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Op-Ed: Supporting A New Vision For Crownsville Hospital Center

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By Kristy Blalock

About this time every year, the clients and staff at Gaudenzia’s Crownsville treatment facility typically walk across the campus to help Janice Hayes-Williams prepare for her stirring and emotional commemoration of those who died at the notorious state psychiatric hospital that once dominated the property.

The ‘Say My Name’ ceremony takes place this year on April 30th. It’s a time when we pay homage to the past and to the memories of those who lived and died at the center. But this year boasts an extra layer of excitement. We will not only be commemorating the past but looking forward to a bold and innovative vision for the future at this site of more than 500 acres at the heart of Anne Arundel County.

The Crownsville Hospital Center campus has been referred to as both a toxic eyesore and a green jewel. The property is home to dozens of older buildings, most of which are crumbling, as well as some of the most pristine urban park land in this part of the state. What to do with the property has vexed policymakers since the state closed the hospital in 2004. Gaudenzia has been one of the benefactors of this location, having added a treatment center for substance use disorders to the location in 2016.

Now, thanks to County Executive Steuart Pittman and $30 million in funding from the state of Maryland, a makeover for the site is imminent. Central to the vision of County Executive Pittman, is Crownsville Hospital Memorial Park, along with a unique center for non-profit organizations, a hub of sorts, that could include everything from veterans housing to health and wellness programs and an incubator for smaller non-profits across the county to utilize.

This type of centralized, holistic care would be a first for Maryland and a model for other counties and states to follow. It would also show that community organizations and the residents that surround them can work together to forge partnerships that benefit all. Since moving onto the campus, we have worked hard to be a good neighbor, and we are proud of our relationship with our community.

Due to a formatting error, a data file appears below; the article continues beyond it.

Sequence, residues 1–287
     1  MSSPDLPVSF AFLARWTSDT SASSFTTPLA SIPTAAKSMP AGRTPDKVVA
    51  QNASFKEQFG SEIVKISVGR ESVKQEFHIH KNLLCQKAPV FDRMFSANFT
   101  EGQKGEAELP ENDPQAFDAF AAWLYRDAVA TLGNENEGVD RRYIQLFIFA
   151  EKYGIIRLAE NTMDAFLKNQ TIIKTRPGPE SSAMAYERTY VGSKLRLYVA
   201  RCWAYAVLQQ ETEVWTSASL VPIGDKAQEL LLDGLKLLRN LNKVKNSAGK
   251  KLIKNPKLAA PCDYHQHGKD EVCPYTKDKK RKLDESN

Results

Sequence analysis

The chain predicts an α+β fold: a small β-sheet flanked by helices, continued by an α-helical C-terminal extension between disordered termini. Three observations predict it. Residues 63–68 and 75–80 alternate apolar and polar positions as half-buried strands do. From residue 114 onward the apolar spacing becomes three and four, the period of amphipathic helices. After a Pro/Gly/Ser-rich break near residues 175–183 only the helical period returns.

Today, Crownsville’s reputation is shifting to one that is working to reduce the stigma of behavioral health challenges. At this location alone, we have worked with hundreds of clients on their road to recovery. We are proud to be in Crownsville, and we want to grow old here — and we want to help others like us. Plans for the revitalization of these grounds will provide a unique chance to partner with, and support, other nonprofit agencies that will help our community continue to address the behavioral health crisis that has only worsened during Covid-19.

Janice Hayes-Williams likes to talk about the beauty of Crownsville. After all, many of its early patients were suffering from tuberculosis and needed to escape the fetid air of the city for the sweet clean air of the country. But there are also the voices of the past, especially those of the 1,700-plus people who are buried in the Crownsville patient cemetery. They serve as a reminder of who we are and what we all must continue to do to help those around us.

It is our hope that the vision of the County Executive and other leaders will come to fruition. We at Gaudenzia fully support their vision and are excited at the prospect of having more resources for our patients and for all those who call Anne Arundel County home.

Kristy Blalock is executive director of the Chesapeake and Washington D.C regions for Gaudenzia.

To view this Commentary on the Capital Gazette, click here.

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